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June

Chapter
Part of the Astronomer's Pocket Field Guide book series (ASTROPOC)

Abstract

The majestic constellations that we can see after dusk during this month herald the mighty rising of the summer Milky Way. Indeed, typical constellations for early June nights are Hercules, Lyra, Ophiuchus and Scorpius. The simple reason for this phenomenon is the slow orbit of our planet around the Sun. With it, our night-time window gradually shifts to the east. This month, the Sun passes in front of the constellations of Taurus and Gemini. The Sun also crosses the galactic plane of the winter Milky Way. As such, our night-time window points in the direction of the summer Milky Way. Figure 8.1 illustrates our night-time window during the summer season. The bright area reflects the constellations that are hidden by bright daylight. The summer season offers us an exciting vantage point to study the feature rich innermost part of our galaxy, as it passes high overhead during the balmiest of nights.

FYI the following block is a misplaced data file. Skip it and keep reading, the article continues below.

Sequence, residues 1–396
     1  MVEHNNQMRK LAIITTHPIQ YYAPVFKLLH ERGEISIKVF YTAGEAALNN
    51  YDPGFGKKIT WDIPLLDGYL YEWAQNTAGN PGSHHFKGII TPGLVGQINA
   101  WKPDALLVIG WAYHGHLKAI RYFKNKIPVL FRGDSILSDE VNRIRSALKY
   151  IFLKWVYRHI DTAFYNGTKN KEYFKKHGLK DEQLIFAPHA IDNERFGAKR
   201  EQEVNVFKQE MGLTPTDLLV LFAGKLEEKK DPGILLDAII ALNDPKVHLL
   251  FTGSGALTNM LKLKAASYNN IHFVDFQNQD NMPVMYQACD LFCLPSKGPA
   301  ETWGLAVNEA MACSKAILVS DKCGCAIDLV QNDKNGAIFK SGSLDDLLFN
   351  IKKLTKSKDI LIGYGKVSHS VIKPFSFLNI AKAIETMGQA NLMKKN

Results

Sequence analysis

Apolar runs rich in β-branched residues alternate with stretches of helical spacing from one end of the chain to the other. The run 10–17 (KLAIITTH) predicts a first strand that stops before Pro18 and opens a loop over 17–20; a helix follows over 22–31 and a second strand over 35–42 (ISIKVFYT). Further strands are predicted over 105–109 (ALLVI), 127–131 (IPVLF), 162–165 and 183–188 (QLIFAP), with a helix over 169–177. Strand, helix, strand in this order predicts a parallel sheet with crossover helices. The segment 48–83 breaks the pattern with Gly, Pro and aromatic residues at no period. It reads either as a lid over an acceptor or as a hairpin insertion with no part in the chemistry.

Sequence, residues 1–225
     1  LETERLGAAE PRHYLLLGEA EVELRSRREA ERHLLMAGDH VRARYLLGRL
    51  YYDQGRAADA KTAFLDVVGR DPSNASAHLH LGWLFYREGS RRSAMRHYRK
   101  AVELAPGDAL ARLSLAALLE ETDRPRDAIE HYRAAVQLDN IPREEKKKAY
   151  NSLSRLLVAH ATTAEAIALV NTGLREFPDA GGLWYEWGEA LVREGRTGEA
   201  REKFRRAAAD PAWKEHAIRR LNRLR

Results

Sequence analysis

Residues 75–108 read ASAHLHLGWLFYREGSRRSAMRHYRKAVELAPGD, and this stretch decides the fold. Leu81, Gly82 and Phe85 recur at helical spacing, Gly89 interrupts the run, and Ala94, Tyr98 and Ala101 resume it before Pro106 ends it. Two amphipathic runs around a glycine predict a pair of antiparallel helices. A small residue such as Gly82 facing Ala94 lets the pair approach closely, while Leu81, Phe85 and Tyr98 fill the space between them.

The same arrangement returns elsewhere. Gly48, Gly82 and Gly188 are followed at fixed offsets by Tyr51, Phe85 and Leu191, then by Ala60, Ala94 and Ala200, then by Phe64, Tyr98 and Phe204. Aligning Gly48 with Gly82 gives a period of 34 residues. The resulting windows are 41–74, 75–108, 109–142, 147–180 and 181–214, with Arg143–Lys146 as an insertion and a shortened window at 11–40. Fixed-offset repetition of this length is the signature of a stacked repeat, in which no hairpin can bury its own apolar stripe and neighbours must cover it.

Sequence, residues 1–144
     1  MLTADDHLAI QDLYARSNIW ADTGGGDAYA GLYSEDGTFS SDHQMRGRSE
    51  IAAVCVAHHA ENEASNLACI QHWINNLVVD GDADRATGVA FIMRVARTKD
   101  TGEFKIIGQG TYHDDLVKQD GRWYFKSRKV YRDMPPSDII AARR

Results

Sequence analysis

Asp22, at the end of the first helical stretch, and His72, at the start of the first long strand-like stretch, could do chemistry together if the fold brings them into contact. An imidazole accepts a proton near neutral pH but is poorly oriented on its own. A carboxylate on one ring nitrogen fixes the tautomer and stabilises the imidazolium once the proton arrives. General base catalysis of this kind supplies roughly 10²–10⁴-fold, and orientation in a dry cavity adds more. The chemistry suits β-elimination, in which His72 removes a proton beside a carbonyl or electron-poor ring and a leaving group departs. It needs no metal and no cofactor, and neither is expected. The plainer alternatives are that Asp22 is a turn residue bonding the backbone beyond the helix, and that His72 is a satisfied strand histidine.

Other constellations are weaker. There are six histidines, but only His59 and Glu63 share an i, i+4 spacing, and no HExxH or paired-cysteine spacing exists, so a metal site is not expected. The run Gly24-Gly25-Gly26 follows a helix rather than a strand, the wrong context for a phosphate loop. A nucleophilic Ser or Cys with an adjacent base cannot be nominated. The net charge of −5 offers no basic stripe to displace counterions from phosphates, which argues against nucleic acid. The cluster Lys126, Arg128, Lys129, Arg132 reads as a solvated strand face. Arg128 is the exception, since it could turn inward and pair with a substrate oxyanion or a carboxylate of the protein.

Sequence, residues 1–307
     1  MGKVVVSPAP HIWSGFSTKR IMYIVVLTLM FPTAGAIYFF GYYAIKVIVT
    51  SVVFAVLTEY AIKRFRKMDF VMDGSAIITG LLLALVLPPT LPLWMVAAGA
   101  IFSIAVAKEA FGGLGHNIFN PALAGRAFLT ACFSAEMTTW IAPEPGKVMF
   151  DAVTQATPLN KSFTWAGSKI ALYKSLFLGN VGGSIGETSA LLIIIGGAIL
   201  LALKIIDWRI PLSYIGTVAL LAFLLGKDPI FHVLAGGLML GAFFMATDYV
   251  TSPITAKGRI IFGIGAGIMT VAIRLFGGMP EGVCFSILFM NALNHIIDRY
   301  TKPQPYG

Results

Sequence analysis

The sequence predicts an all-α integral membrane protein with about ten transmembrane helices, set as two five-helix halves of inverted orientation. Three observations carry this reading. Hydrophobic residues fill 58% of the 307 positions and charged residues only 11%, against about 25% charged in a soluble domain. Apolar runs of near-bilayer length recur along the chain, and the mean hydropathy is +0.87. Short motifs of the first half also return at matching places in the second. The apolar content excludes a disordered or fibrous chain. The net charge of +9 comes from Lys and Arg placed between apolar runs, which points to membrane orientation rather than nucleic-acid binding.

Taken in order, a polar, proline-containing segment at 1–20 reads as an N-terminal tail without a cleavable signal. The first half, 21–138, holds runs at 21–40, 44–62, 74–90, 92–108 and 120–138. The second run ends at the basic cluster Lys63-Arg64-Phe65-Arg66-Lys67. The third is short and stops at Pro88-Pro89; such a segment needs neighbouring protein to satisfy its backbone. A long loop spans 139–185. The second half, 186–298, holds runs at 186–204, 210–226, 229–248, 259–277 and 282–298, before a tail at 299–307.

Keywords

Globular Cluster Galactic Plane Galactic Disk Solar Mass Bright Star 
These keywords were added by machine and not by the authors. This process is experimental and the keywords may be updated as the learning algorithm improves.

Copyright information

© Springer Science+Business Media, LLC 2012

Authors and Affiliations

  1. 1.BekkevoortBelgium

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